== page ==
Stryper + Redstar Born + Black Whisky: Live review | The Triffid, Brisbane | Tuesday August 21 2018

First stop was the merch desk. The roller derby cult classic ‘Whip It’ builds a plot line around a Stryper t-shirt and a family friend from Newcastle had placed an order for appropriate attire to make a suitable statement. Job done.

After a beer and quick dinner (I recommend the Triffid Burrito Bowls) we stick our heads in to hear the Jet-esque stylings of opening support Black Whisky. Their new single ‘Raising Hell’ seems in stark contrast to the expect lyrical content of the main act, but the fans seem to love it nonetheless, as the band get on with their self-affirmed “30 minutes of business”.

9.15pm brings Redstar Born to the stage. The lead singer is engaging and polite. Until he unleashes his vocals. What a sound!?! These guys make some serious noise for a three piece and we loved their tight performance, delivering a heavy and emotive show to a surprised crowd. They’v been named on the upcoming Wallapalooza bill for Mudgeeraba’s Wallaby Hotel and will definitely worth rocking out to. (Mention must be made of the RSB drummer’s t-shirt. We see your bedazzling sequins on the skeleton crown and commend you on your percussive energy and fashion sense. Well played, sir.)

There’s only a short wait after the supports for three-decade veterans of metal, Stryper. A quick chat with a lovely couple, Ruth and Zeke, uncovers that its a romantic night for them, notwithstanding the mostly middle-aged male crowd. Lead singer Michael Sweet’s solo single ‘Forever Yours’ was their wedding song. They don’t hold much hope for it making the set list, but the power of social media alerted them to tonight’s gig and so they are ready to rock. And rock they do.

Sweet enters stage right sans-instrument approaching the microphone. Announcing that tonight they’ll be a three piece, on account of Oz Fox being in an incident that prevent him for travelling, Sweet plays a touching audio message from Oz to the crowd. There’s a cheer as the band take the stage, and launch with precision and pitch perfection into ‘Yahweh’, which is followed by ‘The Valley’. There are a lot of raised hands, but also an enormous sound with guitar breaks and poses, typical of their glam metal legacy. Awesome.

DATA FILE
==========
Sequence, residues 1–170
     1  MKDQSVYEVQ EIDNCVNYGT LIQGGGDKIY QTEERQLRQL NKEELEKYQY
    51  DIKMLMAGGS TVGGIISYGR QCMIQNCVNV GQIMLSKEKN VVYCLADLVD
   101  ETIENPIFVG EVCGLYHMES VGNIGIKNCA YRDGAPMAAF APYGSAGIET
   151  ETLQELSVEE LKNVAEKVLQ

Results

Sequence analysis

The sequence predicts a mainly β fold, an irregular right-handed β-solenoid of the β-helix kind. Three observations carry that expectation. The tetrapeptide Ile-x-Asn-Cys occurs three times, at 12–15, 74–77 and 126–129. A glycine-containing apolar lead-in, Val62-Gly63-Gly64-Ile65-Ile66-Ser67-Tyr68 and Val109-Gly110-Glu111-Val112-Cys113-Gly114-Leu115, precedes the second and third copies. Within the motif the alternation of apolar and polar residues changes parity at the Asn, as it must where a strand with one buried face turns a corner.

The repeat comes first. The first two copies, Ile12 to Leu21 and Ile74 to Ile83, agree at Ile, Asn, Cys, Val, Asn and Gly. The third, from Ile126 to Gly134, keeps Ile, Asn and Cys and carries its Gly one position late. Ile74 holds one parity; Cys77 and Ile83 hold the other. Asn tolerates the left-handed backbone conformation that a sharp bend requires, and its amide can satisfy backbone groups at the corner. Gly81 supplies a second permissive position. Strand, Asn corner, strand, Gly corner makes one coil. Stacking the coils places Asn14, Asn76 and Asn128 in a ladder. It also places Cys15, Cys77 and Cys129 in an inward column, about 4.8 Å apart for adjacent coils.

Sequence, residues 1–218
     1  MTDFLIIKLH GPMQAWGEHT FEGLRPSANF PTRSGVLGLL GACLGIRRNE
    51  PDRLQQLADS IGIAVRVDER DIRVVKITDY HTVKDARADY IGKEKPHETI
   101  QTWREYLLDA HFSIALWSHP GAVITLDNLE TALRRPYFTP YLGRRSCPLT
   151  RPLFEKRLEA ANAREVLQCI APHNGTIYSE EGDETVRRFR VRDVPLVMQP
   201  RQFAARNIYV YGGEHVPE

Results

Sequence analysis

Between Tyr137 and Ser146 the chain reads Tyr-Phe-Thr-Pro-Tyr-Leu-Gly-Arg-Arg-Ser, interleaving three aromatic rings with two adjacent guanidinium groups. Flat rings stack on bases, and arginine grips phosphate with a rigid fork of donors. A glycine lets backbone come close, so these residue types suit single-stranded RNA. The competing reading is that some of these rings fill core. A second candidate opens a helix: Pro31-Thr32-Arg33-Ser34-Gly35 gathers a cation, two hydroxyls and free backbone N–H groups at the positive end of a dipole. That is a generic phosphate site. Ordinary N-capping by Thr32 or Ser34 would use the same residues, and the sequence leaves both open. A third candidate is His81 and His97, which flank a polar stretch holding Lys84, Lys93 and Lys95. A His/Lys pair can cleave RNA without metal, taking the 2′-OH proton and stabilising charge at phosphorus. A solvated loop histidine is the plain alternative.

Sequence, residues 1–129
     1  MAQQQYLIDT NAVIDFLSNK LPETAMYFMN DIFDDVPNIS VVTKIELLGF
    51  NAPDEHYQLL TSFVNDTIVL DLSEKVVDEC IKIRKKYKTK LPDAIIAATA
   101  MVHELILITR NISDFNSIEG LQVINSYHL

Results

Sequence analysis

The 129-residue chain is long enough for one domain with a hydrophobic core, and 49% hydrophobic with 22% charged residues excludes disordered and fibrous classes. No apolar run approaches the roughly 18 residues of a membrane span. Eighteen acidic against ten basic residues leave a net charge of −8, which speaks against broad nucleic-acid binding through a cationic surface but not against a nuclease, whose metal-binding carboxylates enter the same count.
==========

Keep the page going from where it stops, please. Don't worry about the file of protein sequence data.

Sweet, later in the set and after endearing himself to the crowd by gently heckling New Zealanders, touches on that glam metal history.

“In 1986, all the dudes looked like girls, and everyone loved it. That was us, but times have changed.”

The set continues with a mix of old and new songs, anchored by their drummer reminiscent of Animal from the Muppets pouring energy into every song. Bibles are thrown to the crowd, as is the practice, and Ruth and Zeke get their romantic acoustic ditty, albeit the more recent single ‘Lady’, wedged between the new album title track ‘God Damn Evil’ and 80’s anthem ‘Always There for you’.

The show is solid and what you’d expect from a metal band 34 years into touring. Sweet is engaging and funny at times, and the band are musically very tight. Stryper rock out more than 80 minutes and leave the stage, returning to chants for more. The drummer has his encore hat on and ‘To Hell with the Devil’ closes Stryper’s Australian tour, much to the mixed bliss and sadness of the audience. Stryper showed no signs of slowing and commit to returning soon with Oz Fox in tow, blessing the audience who pilgrimaged tonight to pay homage to their Christian metal kings.

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